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Issue Date: October 2006

Portals: overcoming information overload

1 October 2006

Office workers regularly overwhelmed with the amount of data at their ­disposal are desperately trying to make sense of it all in order to perform their critical tasks more effectively.
Information overload has become a standard feature of the digital age. A solution to this challenge may lie in the business intelligence portal, which Werner van der Merwe, Knowledge Management Solutions manager at nVisionIT says is a tool which is being demystified as vendors like Microsoft focus their research and development efforts on improving the way people access and use information.
Werner van der Merwe, Knowledge Management Solutions manager at nVisionIT
Werner van der Merwe, Knowledge Management Solutions manager at nVisionIT
"The Microsoft Office productivity suite, for example, is the most widely used software of its type, so Microsoft is focusing on improving information access through common tools and interfaces like its Office productivity suite," he says.
Van der Merwe notes that the concept of a BI portal is simply to provide a single point at which an individual can access all the information they require from multiple sources. Starting at a high level, the portal provides him or her with the ability to drill down into more detail should they so desire. "The concept of portals is not a new one, having originated in the 1990s, but portals took something of a back seat as the industry rationalised after Y2K. However, vendors have taken another look at what the portal is and how it can deliver value in the corporate setting in recent years," he explains.
A previous limitation in information access was the presentation of that data to the user; to date, BI tools have tended to be somewhat difficult to use and have come at a high cost. "In recent times the focus has shifted to bringing BI to the user. This means a reduction in the costs - something which can be expected from Microsoft with its volume model of software delivery [with products like Office and Windows which are targeted at the masses]. Attention has also fallen on bringing BI to all levels of office workers, especially mid level management;" continues van der Merwe.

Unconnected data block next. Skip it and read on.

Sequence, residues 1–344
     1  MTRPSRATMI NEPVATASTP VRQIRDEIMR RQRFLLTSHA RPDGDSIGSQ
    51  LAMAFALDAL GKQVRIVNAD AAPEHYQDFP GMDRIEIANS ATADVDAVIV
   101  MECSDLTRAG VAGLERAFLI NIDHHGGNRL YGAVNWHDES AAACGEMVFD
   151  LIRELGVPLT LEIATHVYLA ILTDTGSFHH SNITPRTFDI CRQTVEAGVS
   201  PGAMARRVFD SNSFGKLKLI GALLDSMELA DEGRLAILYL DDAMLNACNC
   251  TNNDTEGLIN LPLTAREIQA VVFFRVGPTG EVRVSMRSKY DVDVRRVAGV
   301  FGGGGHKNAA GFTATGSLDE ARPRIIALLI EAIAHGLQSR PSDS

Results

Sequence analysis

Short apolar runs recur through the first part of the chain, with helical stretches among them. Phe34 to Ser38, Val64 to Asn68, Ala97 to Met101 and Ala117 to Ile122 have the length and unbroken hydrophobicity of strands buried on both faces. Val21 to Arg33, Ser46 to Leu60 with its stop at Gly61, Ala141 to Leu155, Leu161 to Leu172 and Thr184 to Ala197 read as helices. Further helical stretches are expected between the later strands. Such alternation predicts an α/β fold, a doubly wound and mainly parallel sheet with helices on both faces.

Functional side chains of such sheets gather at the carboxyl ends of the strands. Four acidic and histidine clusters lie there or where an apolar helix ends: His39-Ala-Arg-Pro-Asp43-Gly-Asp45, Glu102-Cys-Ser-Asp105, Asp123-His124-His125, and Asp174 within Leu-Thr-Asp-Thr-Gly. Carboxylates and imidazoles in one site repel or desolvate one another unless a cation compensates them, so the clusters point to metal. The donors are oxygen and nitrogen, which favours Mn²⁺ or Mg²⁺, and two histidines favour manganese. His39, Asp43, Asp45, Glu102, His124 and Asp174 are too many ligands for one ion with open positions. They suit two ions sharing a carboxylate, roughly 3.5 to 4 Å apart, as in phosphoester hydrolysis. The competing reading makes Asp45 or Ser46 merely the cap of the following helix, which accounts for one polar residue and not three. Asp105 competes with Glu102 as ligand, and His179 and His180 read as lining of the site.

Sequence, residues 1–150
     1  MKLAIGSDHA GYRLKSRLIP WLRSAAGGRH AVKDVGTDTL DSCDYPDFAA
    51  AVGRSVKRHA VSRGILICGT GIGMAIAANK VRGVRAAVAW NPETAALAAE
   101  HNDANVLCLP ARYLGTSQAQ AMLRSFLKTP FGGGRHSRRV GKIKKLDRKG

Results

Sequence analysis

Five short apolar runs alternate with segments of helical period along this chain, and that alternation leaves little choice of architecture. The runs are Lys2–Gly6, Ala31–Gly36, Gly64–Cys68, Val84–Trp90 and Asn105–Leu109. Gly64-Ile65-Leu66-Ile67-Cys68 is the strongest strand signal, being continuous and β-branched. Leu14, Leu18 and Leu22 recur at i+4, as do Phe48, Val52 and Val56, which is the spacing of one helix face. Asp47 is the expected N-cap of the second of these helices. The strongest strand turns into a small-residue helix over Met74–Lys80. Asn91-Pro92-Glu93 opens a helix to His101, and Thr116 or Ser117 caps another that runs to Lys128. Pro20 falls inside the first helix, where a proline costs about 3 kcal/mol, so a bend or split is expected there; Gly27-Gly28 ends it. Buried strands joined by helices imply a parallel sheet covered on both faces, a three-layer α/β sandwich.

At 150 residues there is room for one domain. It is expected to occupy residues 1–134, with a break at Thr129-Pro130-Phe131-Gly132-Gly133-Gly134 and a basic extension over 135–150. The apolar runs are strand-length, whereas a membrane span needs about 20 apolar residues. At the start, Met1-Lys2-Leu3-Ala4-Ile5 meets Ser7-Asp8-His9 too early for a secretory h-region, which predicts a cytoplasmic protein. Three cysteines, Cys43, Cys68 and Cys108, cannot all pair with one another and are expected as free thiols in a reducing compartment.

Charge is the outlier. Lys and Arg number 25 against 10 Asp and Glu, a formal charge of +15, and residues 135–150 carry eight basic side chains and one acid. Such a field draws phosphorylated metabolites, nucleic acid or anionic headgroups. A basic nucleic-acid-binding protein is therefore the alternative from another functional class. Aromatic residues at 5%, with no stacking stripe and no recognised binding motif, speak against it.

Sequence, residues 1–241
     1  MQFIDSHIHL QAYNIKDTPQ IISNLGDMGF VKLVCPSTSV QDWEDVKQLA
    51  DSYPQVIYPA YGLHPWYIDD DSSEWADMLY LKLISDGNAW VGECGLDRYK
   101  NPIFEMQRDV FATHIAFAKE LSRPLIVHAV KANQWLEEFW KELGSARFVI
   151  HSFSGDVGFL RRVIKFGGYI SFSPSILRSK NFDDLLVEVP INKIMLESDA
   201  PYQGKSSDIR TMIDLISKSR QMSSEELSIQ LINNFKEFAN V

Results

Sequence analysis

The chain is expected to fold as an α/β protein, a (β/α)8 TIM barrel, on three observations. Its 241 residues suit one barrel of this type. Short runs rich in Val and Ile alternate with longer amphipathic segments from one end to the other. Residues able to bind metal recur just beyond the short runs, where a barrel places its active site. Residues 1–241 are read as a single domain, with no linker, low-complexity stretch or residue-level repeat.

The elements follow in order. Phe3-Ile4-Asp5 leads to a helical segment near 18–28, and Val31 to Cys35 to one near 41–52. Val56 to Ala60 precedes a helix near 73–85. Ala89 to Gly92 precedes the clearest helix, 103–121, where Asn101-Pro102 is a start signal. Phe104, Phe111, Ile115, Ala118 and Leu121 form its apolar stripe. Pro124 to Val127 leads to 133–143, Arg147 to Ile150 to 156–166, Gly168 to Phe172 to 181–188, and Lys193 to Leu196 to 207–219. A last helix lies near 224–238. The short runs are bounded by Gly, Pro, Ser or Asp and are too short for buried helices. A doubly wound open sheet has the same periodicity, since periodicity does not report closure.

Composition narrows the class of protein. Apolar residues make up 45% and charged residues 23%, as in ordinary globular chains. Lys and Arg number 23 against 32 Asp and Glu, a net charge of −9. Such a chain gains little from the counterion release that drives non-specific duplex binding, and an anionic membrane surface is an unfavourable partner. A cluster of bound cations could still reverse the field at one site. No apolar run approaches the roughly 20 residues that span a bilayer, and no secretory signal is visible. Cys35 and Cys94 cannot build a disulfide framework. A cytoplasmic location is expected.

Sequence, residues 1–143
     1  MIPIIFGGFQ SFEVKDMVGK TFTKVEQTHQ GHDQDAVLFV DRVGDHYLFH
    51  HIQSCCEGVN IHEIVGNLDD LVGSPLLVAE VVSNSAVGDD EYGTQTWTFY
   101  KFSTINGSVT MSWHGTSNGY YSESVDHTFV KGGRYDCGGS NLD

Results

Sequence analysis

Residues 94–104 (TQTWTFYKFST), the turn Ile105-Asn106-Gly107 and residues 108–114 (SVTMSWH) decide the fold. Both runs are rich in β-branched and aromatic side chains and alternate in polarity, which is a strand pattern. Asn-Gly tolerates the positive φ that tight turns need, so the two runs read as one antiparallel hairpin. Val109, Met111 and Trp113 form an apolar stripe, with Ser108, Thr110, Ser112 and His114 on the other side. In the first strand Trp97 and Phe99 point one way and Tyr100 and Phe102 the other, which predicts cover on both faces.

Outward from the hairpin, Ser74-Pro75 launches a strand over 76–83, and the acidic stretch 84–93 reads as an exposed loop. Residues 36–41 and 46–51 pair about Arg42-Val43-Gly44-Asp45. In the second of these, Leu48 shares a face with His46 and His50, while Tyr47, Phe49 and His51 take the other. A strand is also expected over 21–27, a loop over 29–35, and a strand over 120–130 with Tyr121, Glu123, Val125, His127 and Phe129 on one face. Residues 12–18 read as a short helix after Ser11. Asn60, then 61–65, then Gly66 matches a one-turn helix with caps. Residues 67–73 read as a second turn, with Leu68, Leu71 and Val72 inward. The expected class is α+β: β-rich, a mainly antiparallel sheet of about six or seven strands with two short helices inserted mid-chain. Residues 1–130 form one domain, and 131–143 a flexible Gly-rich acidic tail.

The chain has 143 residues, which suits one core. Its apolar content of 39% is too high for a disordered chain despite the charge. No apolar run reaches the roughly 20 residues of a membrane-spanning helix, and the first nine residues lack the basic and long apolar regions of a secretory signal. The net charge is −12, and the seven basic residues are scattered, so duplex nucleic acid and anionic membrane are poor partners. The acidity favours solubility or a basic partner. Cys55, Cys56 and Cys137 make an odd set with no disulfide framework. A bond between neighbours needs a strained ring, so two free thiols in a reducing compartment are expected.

As such, he says certain fundamental changes in the BI approach are necessary. From terminology to the portal interface, the technicalities will be hidden from the user. You do not have to know how an engine works in order to drive a car. Just as the engine technology is hidden from the car user, so BI technology will increasingly be kept under the hood. Users will not require training - or will need far less training - and will become accustomed to BI as a tool for finding information within their office application environment rather than perceiving it as a separate application.
Noting that most individuals use a very small portion of the features presently available in office suites, van der Merwe says Microsoft's Office 12 has a dramatically different interface which is intended to encourage and aid users to use more of the functionality to improve the productivity and on-the-job performance.
"Introducing BI portals into the mass market will only be successful if it delivers usability, is easily understood and demonstrates value to users. Microsoft has done a lot to address these requirements, ensuring that users do not have to understand the intricacies; collecting data is the IT department's problem and the portal is what brings it together for the user and makes it easy to understand," he says.
BI is a multibillion dollar industry that is enjoying rapid growth [Gartner estimates that it is an US$8,3 billion market worldwide, projected to grow at some 10% per annum for the next three years]; behind this growth is that effort to ensure that BI is demystified and delivered to the office worker. Microsoft's commitment to the BI space can be seen in its recent acquisition of Proclarity, one of the leading providers of BI tools.

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